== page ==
AbuKhalil’s recent post on al-Akhbar is concise and worth reading in full:
It would be fair to say that Khaled Meshaal is one of the biggest casualties of the Arab uprisings. Early on, Meshaal appeared more arrogant and more self-confident than usual. He had his reasons: the sponsoring Qatari regime was on the offensive and it seemed to be leading the entire Arab League and the Arab counter-revolution. Saudi Arabia was absent from the scene for much of 2011 and 2012, or so it appeared. Secondly, the Muslim Brotherhood reached power in Egypt and Tunisia and he received a hero’s welcome in both countries. Thirdly, the statement that was attributed to him in al-Quds al-Arabi in 2012 to the effect that he was willing to switch sides against Iran, contingent on finding an alternative financial sponsor, seemed to have sent the right signals that he and his organization were for sale to the highest bidder. Fourthly, the Syrian regime which had provided shelter to Hamas appeared to be in its last days; statements about the ultimate demise of Bashar were being made on a weekly basis. Fifthly, the Turkish regime was in ascendancy and some argued that Turkey was destined to lead the Arab world again, for the first time since the end of the Ottoman Empire. Sixthly, Saudi Arabia expressed willingness to forgive Hamas for its anti-Israeli sins provided it forswears its relationship with the Iranian regime.
For that reason, Meshaal led Hamas in its most major political shift since its founding. The man who said that he was relinquishing power in the leadership of the movement suddenly changed his mind. He started his dance by signaling his break with the Syrian regime and by publicly expressing disagreements with the Iranian government over Syria. Suddenly, the man who never uttered a word of sympathy in favor of the Egyptian people during the long years of Hosni Mubarak’s rule (when his movement dealt directly with the head of the secret police, Omar Suleiman, who was assigned to deal with Hamas, presumably on the behalf of Israel), started to express sympathy for the Syrian people. But Meshaal never spoke on behalf of the oppressed Syrian people during his long years of alliance with the Syrian regime. Worse, his foreign policy dances on Syria were far from being principled or categorical: He never came out clearly and specifically against the Syrian regime, while he (and others in the movement) only spoke in vague and convoluted terms about “supporting the Syrian people.”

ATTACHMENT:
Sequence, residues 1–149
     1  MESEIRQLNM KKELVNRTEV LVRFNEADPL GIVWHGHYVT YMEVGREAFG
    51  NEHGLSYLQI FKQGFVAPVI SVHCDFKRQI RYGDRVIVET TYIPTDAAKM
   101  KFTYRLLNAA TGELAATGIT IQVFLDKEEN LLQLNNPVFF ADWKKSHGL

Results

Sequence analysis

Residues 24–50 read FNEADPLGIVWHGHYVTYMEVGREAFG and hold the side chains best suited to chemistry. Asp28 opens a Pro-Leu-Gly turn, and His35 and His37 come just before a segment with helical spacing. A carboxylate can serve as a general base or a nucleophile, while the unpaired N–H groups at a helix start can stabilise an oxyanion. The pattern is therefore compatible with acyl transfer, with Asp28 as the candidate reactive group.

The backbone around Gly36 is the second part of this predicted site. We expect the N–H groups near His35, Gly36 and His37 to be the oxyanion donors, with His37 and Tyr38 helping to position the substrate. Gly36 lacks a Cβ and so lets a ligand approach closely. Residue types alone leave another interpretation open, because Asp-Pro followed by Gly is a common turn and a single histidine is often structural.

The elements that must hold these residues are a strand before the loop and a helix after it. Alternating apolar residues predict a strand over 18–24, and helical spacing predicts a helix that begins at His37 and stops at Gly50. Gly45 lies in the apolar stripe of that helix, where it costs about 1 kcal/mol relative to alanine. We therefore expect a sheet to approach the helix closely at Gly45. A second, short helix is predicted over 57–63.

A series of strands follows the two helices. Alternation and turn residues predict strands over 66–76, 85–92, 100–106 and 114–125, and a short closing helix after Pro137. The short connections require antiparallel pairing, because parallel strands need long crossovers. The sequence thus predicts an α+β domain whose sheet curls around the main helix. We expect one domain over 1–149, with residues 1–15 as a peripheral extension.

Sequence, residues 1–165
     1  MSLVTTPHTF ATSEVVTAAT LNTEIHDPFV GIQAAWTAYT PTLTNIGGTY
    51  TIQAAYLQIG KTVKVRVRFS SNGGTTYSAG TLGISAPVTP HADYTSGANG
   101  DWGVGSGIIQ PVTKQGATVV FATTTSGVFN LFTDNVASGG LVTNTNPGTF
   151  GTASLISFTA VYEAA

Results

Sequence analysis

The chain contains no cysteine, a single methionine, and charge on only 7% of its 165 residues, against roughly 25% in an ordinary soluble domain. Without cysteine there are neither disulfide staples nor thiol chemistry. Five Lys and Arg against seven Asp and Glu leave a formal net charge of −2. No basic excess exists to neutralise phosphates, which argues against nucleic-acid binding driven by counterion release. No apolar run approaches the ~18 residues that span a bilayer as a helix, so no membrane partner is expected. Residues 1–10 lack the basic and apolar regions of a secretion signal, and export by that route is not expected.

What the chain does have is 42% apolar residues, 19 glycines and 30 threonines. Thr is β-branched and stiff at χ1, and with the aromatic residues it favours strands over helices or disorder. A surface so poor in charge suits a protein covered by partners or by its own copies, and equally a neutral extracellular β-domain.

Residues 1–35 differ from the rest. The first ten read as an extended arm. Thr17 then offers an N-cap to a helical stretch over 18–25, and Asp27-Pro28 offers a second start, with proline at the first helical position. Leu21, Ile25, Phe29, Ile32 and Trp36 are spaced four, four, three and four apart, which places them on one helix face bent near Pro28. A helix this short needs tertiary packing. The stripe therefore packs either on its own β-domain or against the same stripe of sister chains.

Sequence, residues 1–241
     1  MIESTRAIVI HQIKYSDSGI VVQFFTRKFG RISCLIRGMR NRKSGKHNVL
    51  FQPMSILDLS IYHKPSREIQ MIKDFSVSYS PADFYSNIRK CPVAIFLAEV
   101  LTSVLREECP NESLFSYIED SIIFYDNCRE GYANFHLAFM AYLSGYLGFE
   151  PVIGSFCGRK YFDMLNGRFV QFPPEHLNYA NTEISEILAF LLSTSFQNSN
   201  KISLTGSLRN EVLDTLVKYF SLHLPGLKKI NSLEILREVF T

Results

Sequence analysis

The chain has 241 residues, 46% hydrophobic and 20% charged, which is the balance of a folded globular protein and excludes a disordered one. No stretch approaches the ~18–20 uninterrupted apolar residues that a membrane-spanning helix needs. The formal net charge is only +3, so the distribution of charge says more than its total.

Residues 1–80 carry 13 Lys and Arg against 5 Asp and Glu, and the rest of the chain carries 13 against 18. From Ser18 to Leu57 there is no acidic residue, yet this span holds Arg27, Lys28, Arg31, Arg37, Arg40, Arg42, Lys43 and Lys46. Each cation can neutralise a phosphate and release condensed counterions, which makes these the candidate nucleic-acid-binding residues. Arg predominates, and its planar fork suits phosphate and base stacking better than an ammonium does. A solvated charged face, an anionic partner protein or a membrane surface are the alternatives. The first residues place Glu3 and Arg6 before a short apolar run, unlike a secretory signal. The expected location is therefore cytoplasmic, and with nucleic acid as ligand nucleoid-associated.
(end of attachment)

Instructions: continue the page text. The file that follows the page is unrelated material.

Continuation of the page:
When Ismail Haniyeh visited Egypt and spoke in a language that was interpreted as supporting the Syrian armed opposition, his formulations never went beyond the vague language of Meshaal. Yet, what was most significant about the euphoria that characterized Meshaal’s performance, was the official and unprecedented subordination of the movement within the larger body of the mother organization of the Muslim Brotherhood. That was the miscalculation of Hamas because Meshaal and his comrades calculated that the rule of the Ikhwan was here to stay, and that the region has just entered the era of the Ikhwan. That was not meant to be, and the change in Egypt and the rising opposition in Tunisia shifted the grounds under the Ikhwan from the Maghrib to the Gulf, where the Gulf Cooperation Council (GCC) countries (with the exception of the retreating rulers of Qatar) led an official campaign against the Ikhwan movement and its supporters in all GCC countries.
Nevertheless, the stance of Meshaal did not receive a consensus within the leadership of Hamas. The military wing of the movement, the Izz al-Din al-Qassam Brigades, and their political allies, like Mahmoud Zahar, did not approve of the policies and steps that were taken by Meshaal. They continued to make it clear that their alliance with Iran and the “resistance camp” supersedes the new alliances of Hamas. That wing never severed its ties with the former allies, but Iran was compelled to end its generous aid program to Hamas. (The Iranian regime looked for new Palestinian allies, and (what is left of) the Popular Front for the Liberation of Palestine started to receive Iranian military and financial support despite the declared (past?) Marxist-Leninist ideology.)
The political dreams and the satisfaction by Meshaal from his Walid Jumblatt-like shifts all came crashing once the Abdel-Fattah al-Sisi regime removed the Ikhwan regime by force. To make things worse, Qatar had a change of emir and retreated into a role that is more subordinate to the Saudi regime. The Syrian regime (for a variety of reasons and not only – as simplistically indicated by John Kerry and Western media – due to the Hezbollah and Iran’s support) strengthened its position on the ground and Syrian armed opposition fragmented further. Hamas became more isolated.
In the last few weeks, various pro-Syrian regime media have reported that Hamas has been eagerly begging its way back to the “resistance camp.” It will be a humiliating reversal (or reversal of the reversal). Will this reversal cost Meshaal his job? Will Haniyeh be seen yet again kissing the hand of the chief clerical producer of sectarian language in the Middle East? Or will Iran and Hezbollah forgive Meshaal’s “sins” in return for a new role in the Middle East – a role that is not confined to the Arab-Israeli front?